A Different View
Doesn’t your fight resemble tilting at windmills? The question is what we consider a victory. If everyone wakes up tomorrow and starts drinking true wine, it’d be a tragedy for us. There’s not enough true wine for everyone – there’s very little of it, to be honest.
Interview with the creators of TrueWine.ru
(Interview for the magazine Guide to Good Wine, Ukraine)
A veteran corkscrewer Mikhail Volkov and devotee-aficionado Dmitry Rudakov really love wine and love talking about it. And they also would like more people to love and appreciate wine. And no commercial, marketing wine that might as well have been poured from one tan – that kind of wine they speak very harshly about without esteem for any big names. Misha and Dima talk about true wine that’s becoming less and less common – the kind many people do not even suspect exists.
What do you mean when you say “true wine”? What are its criteria? Can wine that costs less than 10€ be “true”?
Dmitry: I can say with absolute certainty that true wine has zero to do with the price. I mean, you can find true wine for 7€ or for 200-300€ – the price does not play a defining role here. It’s partially connected to that which we are battling against: globalisation and international marketing which dominate over the wine market. It was this situation which caused us to start our blogging. Winemaking is an art of finding balance with nature – sometimes it bears fruit and sometimes it doesn’t. But economically speaking, no one is interested in this approach. That’s why it goes like this: the wine standardises, turns into general, hip wine that everybody understands. I call this “a Johnson & Johnson product” – i.e. made according to the process standards. It’s not a bad thing: they have a quality control, they use fine ingredients, but it’s not wine – it’s just a wine drink, made according to some formula.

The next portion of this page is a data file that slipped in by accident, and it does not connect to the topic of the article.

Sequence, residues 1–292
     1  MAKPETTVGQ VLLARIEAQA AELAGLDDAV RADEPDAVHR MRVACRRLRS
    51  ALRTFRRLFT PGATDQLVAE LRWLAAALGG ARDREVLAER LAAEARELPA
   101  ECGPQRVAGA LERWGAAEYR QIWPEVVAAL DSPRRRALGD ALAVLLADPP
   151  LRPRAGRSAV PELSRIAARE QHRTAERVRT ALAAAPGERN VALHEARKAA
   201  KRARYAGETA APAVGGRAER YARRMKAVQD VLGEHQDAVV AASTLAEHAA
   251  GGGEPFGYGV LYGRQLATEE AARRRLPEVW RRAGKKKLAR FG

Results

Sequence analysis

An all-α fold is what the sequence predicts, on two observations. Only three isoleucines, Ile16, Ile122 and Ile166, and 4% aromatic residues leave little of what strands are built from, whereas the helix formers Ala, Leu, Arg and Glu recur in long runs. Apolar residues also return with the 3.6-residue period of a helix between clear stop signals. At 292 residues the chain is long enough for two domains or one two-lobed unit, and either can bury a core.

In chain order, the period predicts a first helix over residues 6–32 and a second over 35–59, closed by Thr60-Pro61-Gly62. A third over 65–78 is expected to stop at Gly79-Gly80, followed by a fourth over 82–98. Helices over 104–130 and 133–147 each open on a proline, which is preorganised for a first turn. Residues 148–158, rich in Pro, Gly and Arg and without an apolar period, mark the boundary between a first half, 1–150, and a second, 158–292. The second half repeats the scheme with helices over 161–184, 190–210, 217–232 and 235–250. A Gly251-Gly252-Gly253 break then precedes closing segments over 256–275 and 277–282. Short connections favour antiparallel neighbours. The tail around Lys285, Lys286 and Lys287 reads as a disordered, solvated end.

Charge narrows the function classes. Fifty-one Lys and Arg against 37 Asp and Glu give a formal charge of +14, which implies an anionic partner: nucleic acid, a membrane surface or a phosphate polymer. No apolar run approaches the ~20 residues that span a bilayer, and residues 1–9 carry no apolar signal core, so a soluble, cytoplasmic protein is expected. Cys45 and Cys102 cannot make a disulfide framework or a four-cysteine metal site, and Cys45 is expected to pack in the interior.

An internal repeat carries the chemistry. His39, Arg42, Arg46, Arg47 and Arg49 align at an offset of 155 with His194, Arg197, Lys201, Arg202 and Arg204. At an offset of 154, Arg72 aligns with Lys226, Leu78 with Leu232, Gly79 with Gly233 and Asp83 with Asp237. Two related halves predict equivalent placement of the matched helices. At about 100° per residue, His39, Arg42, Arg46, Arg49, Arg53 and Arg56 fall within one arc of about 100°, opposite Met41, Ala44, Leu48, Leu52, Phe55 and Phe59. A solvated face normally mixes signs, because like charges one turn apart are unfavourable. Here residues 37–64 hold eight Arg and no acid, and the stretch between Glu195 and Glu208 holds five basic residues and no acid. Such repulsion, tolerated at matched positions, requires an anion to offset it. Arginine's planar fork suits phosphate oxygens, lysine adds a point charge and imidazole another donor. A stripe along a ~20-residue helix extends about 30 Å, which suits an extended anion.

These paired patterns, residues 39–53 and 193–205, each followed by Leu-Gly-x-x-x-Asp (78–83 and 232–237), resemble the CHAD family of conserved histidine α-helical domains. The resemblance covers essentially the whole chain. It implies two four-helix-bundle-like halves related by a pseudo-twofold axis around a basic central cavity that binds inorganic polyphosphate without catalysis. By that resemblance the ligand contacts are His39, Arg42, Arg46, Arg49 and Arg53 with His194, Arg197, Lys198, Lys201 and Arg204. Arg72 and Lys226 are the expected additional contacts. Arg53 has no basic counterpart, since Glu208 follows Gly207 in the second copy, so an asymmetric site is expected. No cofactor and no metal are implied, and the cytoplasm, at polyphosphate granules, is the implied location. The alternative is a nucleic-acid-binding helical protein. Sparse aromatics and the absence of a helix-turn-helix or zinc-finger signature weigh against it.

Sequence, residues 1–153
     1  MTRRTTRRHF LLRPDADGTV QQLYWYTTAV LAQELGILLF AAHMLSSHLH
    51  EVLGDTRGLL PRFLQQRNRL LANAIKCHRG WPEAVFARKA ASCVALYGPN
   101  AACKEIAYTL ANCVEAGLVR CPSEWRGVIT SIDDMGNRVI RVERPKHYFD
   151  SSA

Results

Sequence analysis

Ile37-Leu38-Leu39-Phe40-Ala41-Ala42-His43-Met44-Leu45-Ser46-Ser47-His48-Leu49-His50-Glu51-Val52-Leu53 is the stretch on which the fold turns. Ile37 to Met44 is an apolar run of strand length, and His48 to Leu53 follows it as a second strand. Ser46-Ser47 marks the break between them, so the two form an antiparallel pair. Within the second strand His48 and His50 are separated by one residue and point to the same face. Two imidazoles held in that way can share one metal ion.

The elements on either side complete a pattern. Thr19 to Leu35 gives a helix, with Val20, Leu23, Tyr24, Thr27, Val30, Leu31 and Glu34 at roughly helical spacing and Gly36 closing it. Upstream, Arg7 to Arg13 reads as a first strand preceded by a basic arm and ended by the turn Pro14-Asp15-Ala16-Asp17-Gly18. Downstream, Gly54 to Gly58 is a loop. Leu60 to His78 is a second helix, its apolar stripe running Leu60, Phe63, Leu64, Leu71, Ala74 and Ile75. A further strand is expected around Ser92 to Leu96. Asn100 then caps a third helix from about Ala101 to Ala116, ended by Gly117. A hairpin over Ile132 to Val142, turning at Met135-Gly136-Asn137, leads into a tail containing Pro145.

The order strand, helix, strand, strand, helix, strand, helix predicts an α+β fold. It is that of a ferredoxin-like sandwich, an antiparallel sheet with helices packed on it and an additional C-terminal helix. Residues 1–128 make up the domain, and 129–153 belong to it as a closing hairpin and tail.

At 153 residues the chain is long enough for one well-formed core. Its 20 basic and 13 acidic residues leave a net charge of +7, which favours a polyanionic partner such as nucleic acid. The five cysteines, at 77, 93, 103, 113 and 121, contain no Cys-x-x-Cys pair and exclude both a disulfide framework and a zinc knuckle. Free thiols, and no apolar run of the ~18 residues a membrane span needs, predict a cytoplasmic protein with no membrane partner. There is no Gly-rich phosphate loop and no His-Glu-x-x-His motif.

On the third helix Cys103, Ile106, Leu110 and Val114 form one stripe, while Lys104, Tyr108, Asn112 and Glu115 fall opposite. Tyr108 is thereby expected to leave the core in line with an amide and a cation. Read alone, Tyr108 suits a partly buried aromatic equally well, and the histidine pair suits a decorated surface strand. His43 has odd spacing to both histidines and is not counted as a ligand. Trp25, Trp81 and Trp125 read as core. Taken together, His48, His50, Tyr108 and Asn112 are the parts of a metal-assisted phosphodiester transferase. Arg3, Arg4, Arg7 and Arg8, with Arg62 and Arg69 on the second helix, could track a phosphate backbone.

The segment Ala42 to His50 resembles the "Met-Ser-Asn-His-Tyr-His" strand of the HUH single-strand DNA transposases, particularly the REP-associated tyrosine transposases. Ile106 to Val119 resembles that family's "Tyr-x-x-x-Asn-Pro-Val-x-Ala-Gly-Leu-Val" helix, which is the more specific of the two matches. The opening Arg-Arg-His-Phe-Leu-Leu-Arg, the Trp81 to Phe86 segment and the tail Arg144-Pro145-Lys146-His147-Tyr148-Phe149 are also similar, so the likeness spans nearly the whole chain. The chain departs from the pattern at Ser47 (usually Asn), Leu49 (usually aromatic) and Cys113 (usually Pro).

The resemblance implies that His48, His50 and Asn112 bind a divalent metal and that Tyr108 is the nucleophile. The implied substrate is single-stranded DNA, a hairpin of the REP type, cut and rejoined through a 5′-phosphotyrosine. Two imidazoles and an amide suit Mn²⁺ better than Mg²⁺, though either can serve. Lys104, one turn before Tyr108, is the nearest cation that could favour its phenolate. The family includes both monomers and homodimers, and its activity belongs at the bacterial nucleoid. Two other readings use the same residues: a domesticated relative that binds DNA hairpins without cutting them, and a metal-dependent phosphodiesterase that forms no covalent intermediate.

At one point we realized that people of our generation can live their whole life without ever trying true wine, made with feeling, in harmony with nature. And not because they don’t want to – simply because they have never encountered it. Our job is to tell people about true wine’s existence. And sadly, it’s becoming less and less common. An itch for gain, economical efficiency, global marketing squeeze such wine out from the market, because you can’t mass-produce true wine. Take champagne: champagne houses make million bottles a year, but it’s not wine – there’s almost nothing left of wine there. Meanwhile, for many wine retailers there’s nothing to gain from working with those who make true wine. And those winemakers have no means or opportunity to tell people about themselves. We don’t have much either, but we do what we can.